How the Yam Saved Sina from Starvation


 Maugaoatule was a chief living in Asau, Savai’i. He was married to Tule, a lady from Falealupo. There was born unto them a girl whom they named Sina. When the girl was grown up, she went to the beach to fetch sea water. There she caught a little fish called lupo. When she returned with the salt water, she took the fish with her and put it in a coconut shell.

When the fish had grown too big, she put it in a food bowl. The fish got too large for the food bowl, so she placed it in a canoe. The fish still grew and soon the canoe could not hold it any more. So the girl went to a spur of land projecting into the sea near a place called Fatu. There she tied the fish by the tail and put it into the sea.

When the fish was very large, Sina said to her parents, "Alas, my fish is getting dangerous. Before long somebody will get hurt. Perhaps it would be well to kill it." Her parents replied, "Alright, do so lest anyone get hurt. However, if your fish is struck and rises on the hither side, take it to the Fale-Tagaloa and give it to Safune and Taulauniu for their high chief Tagaloa. If the fish rises on the thither side, give it to Tapu and Leali’ifano in Fale-fa’aea. Should they decide to cut up the fish, there is one part you must ask for yourself .. the entrails."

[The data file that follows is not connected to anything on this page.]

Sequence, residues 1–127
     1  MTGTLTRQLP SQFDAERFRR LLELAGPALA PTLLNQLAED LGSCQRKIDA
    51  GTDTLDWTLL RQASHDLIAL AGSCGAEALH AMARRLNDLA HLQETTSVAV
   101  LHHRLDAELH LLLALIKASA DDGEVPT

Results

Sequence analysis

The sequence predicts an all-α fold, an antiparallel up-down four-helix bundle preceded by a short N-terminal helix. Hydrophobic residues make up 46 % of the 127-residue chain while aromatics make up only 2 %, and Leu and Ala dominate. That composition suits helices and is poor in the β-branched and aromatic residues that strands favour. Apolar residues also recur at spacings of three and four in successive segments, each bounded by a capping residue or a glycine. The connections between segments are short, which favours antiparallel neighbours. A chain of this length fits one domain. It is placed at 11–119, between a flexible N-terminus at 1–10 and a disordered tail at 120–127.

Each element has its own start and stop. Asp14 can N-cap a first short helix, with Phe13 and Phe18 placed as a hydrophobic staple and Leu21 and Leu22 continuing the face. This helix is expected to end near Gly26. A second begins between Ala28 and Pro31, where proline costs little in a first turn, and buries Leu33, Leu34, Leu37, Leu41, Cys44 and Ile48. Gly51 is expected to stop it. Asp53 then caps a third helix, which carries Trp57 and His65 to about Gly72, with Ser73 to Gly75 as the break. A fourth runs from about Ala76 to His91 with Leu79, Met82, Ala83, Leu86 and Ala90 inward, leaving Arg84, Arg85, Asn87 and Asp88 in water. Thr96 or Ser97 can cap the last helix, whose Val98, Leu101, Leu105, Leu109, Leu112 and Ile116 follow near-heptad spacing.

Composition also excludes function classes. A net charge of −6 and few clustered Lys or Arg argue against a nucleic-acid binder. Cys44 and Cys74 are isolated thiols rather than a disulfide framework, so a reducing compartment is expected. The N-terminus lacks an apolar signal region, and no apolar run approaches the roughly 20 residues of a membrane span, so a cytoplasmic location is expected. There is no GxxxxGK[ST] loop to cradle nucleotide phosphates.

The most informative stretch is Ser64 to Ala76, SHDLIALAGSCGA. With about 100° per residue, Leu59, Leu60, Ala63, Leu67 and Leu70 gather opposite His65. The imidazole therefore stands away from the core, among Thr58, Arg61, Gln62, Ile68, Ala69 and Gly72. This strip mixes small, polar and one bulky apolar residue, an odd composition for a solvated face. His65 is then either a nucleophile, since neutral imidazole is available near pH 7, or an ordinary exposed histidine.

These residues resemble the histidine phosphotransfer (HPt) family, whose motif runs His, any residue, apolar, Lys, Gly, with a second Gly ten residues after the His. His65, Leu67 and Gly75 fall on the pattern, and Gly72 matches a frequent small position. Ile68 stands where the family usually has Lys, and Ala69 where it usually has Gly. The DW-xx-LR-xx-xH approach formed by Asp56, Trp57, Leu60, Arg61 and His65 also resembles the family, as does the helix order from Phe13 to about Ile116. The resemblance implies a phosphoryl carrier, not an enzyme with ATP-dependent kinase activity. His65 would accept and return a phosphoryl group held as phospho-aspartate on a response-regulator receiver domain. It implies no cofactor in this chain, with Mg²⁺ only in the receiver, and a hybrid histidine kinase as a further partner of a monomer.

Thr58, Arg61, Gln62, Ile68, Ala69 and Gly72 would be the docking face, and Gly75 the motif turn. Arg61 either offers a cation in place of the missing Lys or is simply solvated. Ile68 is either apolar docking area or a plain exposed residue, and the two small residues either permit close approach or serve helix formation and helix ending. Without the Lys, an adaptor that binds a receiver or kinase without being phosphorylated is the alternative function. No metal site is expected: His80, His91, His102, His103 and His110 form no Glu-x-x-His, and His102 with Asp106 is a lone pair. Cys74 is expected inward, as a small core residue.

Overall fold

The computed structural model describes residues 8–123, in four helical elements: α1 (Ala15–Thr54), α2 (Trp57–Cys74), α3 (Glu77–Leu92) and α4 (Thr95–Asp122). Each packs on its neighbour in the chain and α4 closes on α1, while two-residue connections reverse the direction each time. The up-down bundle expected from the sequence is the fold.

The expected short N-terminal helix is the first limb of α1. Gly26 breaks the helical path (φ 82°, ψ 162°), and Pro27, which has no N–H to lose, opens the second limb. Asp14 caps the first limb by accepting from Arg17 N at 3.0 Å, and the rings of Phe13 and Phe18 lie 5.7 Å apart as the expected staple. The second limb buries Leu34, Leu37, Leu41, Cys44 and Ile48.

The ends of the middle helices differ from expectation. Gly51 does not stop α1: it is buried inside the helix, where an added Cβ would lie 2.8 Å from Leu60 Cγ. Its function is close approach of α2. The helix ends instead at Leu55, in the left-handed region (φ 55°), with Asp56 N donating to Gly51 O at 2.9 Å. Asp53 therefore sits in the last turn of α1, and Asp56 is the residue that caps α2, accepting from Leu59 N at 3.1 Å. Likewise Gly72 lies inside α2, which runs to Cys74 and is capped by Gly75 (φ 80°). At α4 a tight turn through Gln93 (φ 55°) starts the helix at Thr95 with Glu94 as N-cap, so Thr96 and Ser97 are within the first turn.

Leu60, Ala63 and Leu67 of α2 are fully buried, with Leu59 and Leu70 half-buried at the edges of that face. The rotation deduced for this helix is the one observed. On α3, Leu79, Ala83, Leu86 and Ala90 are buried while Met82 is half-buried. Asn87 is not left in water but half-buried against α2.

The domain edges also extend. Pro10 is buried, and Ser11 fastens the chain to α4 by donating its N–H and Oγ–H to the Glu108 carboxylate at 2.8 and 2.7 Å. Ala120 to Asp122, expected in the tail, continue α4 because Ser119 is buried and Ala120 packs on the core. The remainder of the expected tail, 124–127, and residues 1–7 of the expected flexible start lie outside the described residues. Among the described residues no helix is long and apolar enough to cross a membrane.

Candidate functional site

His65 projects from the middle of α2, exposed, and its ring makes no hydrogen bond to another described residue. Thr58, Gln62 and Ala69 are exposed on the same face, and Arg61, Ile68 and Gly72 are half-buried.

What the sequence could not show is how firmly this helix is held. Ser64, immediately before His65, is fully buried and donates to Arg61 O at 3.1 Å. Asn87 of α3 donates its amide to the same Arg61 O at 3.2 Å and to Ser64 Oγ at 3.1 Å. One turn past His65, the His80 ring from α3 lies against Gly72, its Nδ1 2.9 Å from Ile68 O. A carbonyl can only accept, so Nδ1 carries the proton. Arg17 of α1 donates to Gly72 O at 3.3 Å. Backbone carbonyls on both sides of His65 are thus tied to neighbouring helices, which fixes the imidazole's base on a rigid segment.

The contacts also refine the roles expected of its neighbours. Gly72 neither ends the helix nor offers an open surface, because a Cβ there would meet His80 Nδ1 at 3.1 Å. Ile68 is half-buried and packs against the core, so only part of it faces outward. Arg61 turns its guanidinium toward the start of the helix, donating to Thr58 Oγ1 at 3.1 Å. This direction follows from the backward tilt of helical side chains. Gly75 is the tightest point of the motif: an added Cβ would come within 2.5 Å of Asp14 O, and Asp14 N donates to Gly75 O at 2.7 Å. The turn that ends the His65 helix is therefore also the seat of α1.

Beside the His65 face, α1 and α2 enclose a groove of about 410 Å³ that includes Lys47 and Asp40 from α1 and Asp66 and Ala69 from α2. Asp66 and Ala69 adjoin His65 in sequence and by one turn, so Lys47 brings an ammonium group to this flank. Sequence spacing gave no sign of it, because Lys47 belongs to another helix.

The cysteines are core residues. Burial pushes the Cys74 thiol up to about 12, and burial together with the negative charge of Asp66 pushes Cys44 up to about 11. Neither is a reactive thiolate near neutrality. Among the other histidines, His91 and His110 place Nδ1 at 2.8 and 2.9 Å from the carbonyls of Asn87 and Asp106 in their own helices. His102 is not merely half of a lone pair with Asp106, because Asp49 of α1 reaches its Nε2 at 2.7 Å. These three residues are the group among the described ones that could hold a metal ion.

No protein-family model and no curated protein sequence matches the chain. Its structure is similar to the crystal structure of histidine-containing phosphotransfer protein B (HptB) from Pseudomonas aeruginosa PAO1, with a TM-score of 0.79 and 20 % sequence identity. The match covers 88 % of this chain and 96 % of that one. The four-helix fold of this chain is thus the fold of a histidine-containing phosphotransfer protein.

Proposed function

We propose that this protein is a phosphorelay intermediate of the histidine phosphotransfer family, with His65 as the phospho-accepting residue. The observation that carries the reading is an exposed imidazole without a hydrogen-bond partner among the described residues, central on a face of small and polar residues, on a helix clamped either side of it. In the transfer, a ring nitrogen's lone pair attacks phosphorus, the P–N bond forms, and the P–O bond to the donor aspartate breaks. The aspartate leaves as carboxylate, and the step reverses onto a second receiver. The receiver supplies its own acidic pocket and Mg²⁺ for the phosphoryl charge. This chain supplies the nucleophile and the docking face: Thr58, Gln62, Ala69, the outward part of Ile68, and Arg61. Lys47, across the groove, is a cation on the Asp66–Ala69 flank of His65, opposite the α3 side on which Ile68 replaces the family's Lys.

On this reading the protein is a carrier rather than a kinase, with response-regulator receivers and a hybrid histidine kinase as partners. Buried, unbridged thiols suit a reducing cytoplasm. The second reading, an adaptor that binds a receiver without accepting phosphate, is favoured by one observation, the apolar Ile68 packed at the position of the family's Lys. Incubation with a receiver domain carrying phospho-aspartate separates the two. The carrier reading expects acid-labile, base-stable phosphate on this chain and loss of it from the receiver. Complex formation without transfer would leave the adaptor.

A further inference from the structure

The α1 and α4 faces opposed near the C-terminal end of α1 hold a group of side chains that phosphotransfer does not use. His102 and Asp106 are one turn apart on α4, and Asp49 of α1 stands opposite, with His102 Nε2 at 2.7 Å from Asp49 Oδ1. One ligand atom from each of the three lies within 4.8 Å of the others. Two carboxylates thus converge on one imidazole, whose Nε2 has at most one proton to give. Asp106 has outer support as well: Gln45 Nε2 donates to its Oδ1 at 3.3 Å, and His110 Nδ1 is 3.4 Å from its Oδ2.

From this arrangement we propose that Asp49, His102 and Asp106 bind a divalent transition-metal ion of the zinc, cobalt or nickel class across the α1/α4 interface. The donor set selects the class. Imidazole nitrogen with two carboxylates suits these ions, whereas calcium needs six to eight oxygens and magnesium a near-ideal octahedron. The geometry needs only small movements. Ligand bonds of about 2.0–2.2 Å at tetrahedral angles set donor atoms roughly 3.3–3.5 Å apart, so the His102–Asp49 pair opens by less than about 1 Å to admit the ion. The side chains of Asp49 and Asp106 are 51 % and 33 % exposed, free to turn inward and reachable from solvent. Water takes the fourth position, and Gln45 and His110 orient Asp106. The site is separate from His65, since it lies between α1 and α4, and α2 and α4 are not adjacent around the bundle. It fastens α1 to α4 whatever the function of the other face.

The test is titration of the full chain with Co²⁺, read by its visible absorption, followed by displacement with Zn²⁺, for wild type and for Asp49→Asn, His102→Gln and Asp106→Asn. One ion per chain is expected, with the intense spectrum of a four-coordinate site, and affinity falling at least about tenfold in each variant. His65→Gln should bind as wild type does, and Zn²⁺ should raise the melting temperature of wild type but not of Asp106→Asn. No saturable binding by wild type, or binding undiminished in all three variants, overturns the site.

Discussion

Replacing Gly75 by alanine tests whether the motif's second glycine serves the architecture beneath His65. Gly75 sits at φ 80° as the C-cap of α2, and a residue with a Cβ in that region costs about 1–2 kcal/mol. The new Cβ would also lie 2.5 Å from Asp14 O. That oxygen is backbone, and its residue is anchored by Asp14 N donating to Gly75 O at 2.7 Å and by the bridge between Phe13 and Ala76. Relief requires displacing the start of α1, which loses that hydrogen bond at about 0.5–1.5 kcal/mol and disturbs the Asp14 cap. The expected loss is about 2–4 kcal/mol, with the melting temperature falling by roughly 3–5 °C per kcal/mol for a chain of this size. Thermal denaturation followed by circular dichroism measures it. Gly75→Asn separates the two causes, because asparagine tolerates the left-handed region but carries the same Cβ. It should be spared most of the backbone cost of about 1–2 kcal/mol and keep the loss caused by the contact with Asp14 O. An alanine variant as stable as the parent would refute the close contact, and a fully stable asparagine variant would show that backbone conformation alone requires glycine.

So Sina went and caught the fish with a hook. It jumped on the far side and Sina took it up to Fale-fa’aea for Tapu and Leali’ifano. The fish was cut up and Sina took for herself only the entrails.

Sina then married Fogamanusina. They had a daughter whom they named Sina-ma-tinae, because of the fish’s entrails. Sina-ma-tinae married Lea, a Fagaloa chief. They had three boys and a girl. The boys were named Pili, Fuialao and Ma’oma’o; the girl was named Sina.